Sharing main kuch baat hai !

food

 

“What have you got for lunch today?” My new friend- at my new school and on my first day of the 4th Standard- enquired, clearly intoxicated by the paneer butter masala that lay under my neatly folded napkin and my water bottle, deep down and secured in my lunch bag, somehow still managing to exude an aroma that tantalising. Being a somewhat shy person, I was hesitant to even really talk to her. But, I told her anyway.

She dug into it, like an animal after a harsh winter. After she was done, two things had become very clear. One-this girl was a hog, and two- I didn’t really like her.

And sure enough, eleven years, five hundred fights, a thousand sleepovers, a million pizza parties, and about one road trip to Lonavla- heavily inspired by the movie Zindagi Na Milegi Dobaara, she remains a hog till date, and I still don’t like her.

No, but honestly, we don’t even realise how much we use sharing of food as a weapon- a secret weapon, might I add. Want to be in your parents’ good books to get that X-Box that you and your brother want really, really bad? You put on a show.

Starring- The Perfect Siblings.

“Oh, sure brother, I’ll help you with your Math homework!”

“Oh! Of course, I won’t create a racket and call you stupid when you practice Bharatnatyam, while squatting like an ugly duck!”

And then, we reach the climax of our film- the last piece of tandoori chicken, and both you and your brother reach for it. Your mom arches her eyebrows and your dad looks on suspiciously. You know they’re judging you, and everything is in slow motion now. The two of you, are in an intense stare-off, none of you is ready to back down. You’re sweating, weighing your choices and you see your brother doing the same. Alas, you decide that the X-box is more important, and that the chicken can wait! You let it go.

Feigning enthusiasm you say to him, “Here you go!”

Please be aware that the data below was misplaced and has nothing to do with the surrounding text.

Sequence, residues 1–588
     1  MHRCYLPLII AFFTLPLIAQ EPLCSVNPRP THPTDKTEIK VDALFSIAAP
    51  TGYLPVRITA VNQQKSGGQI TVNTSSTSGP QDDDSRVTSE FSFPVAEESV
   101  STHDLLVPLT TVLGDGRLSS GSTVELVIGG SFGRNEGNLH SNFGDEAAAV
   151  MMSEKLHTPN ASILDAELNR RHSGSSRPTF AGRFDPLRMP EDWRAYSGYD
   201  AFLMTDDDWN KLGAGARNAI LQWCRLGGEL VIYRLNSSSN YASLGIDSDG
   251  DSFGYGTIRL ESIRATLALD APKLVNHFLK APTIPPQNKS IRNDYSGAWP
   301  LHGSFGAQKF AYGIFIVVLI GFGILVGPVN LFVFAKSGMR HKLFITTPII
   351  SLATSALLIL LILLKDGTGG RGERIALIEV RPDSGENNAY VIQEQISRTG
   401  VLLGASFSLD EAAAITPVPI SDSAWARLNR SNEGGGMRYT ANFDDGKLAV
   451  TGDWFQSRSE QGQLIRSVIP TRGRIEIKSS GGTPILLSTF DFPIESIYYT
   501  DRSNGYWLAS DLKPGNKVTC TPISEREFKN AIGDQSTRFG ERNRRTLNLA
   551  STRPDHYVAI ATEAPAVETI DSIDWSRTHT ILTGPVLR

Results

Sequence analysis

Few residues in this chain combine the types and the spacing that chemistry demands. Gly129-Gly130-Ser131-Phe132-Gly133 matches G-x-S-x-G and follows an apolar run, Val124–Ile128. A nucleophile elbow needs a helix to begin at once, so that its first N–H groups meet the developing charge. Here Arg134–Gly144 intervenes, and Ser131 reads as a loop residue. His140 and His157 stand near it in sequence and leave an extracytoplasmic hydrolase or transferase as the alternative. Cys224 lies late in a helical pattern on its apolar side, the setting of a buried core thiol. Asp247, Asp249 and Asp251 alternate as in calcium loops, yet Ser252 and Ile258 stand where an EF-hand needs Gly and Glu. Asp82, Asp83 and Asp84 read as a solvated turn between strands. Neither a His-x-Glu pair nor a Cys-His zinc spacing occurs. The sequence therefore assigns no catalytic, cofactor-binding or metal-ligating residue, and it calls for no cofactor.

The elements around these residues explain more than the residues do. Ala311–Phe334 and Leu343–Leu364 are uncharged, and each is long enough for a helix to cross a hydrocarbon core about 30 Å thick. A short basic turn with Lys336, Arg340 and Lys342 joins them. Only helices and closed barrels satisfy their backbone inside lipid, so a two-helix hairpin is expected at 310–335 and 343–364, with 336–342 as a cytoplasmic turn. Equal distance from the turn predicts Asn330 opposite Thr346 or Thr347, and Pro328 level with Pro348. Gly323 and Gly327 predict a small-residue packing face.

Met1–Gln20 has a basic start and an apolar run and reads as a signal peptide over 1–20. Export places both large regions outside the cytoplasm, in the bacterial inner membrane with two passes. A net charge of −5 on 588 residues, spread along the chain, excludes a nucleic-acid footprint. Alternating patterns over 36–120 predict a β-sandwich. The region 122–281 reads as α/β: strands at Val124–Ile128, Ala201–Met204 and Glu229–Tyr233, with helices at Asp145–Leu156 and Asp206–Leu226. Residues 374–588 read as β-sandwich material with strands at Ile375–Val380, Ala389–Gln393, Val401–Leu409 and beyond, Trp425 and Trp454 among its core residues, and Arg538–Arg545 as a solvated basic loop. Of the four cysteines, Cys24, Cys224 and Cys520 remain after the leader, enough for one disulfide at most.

Your brother hesitates, and insists you take it. In order to appear nicer you urge him further, and without the blink of an eye- he obliges. You clench your jaw, but remind yourself the purpose behind this sacrifice. All’s not in vain though, as your parents look mighty satisfied. The film is a success. We’ve reached the 100 crore mark!

What’s the best peace offering after a tough day at the office-literally? You ask your mom to make her famous aloo parathe- that your friends at work are in love with. Then, come next afternoon, during lunch you announce it out loud. All the hostility shall melt and like wand work, all of the food shall have disappeared. But that’s okay, because your friend Raman has got Idli- Sambar for lunch.

Can you really imagine how many cafes and bakeries lining your college campus will go out of business, if the students-generally the Science folks- stopped travelling in packs and splitting all bills? Since-logically- no sane junior college/ undergraduate student will spend Rs 450- out of the average Rs 1000, he gets to spend for the week- for coffee. No one except,of course, Mr Richie with all his riches. That’s when splitting of bills- and therefore sharing of food- comes real, real useful.

Want to talk about family parties? Goodness me! My cousin Apoorva and I, have this unsaid agreement- every time someone’s made something that we absolutely detest, in order to appear nice we shall barter that particular item to each other. It’s a foolproof idea, since we don’t always like similar foods. The only time this plan failed was at my grandmother’s dinner party back in 2009, when we both just couldn’t handle the stuffed capsicum, and were berated upon being caught for trying to load all of it back into the vessel- by none other than my grandmother, herself. There’s an awkward dessert story I’ll tell my grandkids!

You know how you and your sister sit in front of the couch and fight over the remote, the popcorn and call each other names- the profanity of which ranges from one age group to another? Well, savour these moments. Because, twenty years down the line, when you have kids of your own, and you see their similar antics, you’ll smile and reminisce asking

yourself, just where did the time go? You’ll pick the phone up to call your sister, and put it down almost immediately as you’ll hear two very flustered voices calling you for mediation.


  

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